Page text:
This is part I of my HOWTO on running Linux on Microblaze. The outline is as follows:
- Part I: Introduction and setting up the Microblaze processor (this page)
- Part II: Compiling the kernel
- Part III: Preparing for boot and booting
- Part IV: Compiling user space applications
This HOWTO goes through the procedures for getting a simple Linux system running on a Xilinx Microblaze processor. The examples are given for an SP605 evaluation board, but almost everything here applies for other FPGAs and boards as well. The Xilinx software version used here is 13.2.
There are quite a few variants on how to get the bitstream and Linux kernel into their right places in the FPGA. The approach taken here is to boot up from the Compact Flash alone by writing a file to it. No bootloader is used in this howto; the SystemACE chip is responsible for loading both the FPGA bitstream and Linux kernel image, and it will do so reading one single (.ace) file. The main advantage of this approach is that there’s no need to set up a boot loader, which is yet another piece of software that can go wrong. The main disadvantage is that a bootloader allows some tweaking of the kernel configuration at boot time, which has to be done by recompiling the kernel otherwise.
The root filesystem is mounted from network (NFS) in this HOWTO.
I’m assuming the following prerequisites:
- You have the Xilinx tools set up properly, and have managed to compile and run a simple standalone “Hello, World” application with the EDK/SDK (having loaded the code to the FPGA in any way, we’ll get to that)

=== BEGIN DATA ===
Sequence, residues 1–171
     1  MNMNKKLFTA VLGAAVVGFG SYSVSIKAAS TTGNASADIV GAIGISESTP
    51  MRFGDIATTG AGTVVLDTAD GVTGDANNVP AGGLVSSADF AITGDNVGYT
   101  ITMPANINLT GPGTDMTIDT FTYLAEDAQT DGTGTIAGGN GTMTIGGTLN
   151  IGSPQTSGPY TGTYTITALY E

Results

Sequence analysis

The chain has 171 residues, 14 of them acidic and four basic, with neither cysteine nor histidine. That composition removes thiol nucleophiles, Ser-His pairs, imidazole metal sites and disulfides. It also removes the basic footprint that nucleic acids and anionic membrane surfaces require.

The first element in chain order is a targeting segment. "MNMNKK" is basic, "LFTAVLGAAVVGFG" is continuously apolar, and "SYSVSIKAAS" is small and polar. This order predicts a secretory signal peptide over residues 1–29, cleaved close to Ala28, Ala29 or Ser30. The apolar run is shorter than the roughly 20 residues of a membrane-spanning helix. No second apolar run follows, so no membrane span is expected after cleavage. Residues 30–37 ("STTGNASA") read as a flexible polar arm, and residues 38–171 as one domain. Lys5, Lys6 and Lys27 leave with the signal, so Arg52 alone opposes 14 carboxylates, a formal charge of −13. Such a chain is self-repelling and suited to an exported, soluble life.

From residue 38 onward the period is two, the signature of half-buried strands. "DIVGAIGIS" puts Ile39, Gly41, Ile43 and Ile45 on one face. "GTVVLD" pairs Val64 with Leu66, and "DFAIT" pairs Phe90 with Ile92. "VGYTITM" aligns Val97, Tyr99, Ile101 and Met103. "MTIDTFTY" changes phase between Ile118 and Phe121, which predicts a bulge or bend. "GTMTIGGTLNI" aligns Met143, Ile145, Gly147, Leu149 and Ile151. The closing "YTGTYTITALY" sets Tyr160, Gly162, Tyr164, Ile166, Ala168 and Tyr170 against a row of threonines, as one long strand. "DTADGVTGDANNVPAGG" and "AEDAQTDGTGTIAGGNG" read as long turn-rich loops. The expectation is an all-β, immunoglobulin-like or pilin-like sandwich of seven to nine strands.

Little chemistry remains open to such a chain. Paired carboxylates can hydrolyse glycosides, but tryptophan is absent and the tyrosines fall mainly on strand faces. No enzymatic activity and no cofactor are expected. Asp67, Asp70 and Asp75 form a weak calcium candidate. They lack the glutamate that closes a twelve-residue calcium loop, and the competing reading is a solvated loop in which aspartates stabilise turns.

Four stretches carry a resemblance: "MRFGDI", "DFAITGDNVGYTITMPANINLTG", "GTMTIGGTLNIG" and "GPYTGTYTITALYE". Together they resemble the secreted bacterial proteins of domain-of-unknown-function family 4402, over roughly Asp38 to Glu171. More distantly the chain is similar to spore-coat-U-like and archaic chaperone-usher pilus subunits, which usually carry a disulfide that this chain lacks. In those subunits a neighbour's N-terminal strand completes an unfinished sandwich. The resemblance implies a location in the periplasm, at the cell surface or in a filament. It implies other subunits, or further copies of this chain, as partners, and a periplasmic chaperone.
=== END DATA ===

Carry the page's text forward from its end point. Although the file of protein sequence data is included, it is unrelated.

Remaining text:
- You’ve actually seen the RS-232 console data on a terminal, and feel confident about it (otherwise you may work hard to figure out why everything is stuck, when it’s actually your terminal window’s problem).
- You’re running on one of the evaluation boards, or know how to set up the processor to work with your own (and have that tested already)
- Your board has a systemACE flash chip (recent evaluation boards usually do)
- You have access to a machine running Linux on a computer. Compiling the kernel will require this. The Xilinx tools can be run on whatever’s your cup of tea.
- You have the ability to read and write files to a Compact Flash. This is most easily done with a simple adapter to a PC computer, which should be available in camera or computer accessories shops. Chances are you have one without necessarily being aware of it.
An outline of the steps
So this is what we’ll do:
- Set up a Microblaze processor in the Xilinx EDK so it can run Linux.
- Generate the processor, so an FPGA bitstream is at hand.
- Export the processor to the Xilinx SDK and compile a dummy C application, so that necessary metadata files are generated
- Generate a Device Tree file (.dts) based upon files created by EDK/SDK, and copy it into the Linux kernel sources, so Linux is in sync with the EDK regarding what it’s running on.
- Configure the kernel and compile it.
- Create a .ace file from the FPGA bitstream and kernel image just compiled.
- Set up the Compact Flash card.
- Boot and hope for good
And of course, certain software tools will need to be downloaded for this. We’ll come to this.
Setting up the processor
If you’re really lazy about this, you can use the minimal processor I’ve generated for the SP605 board. Unzip, double-click system.xmp, and skip to after the bullets below. It will work on that board only, of course.
Otherwise: Start Platform Studio (EDK) and create a new platform, based upon the Wizard’s defaults.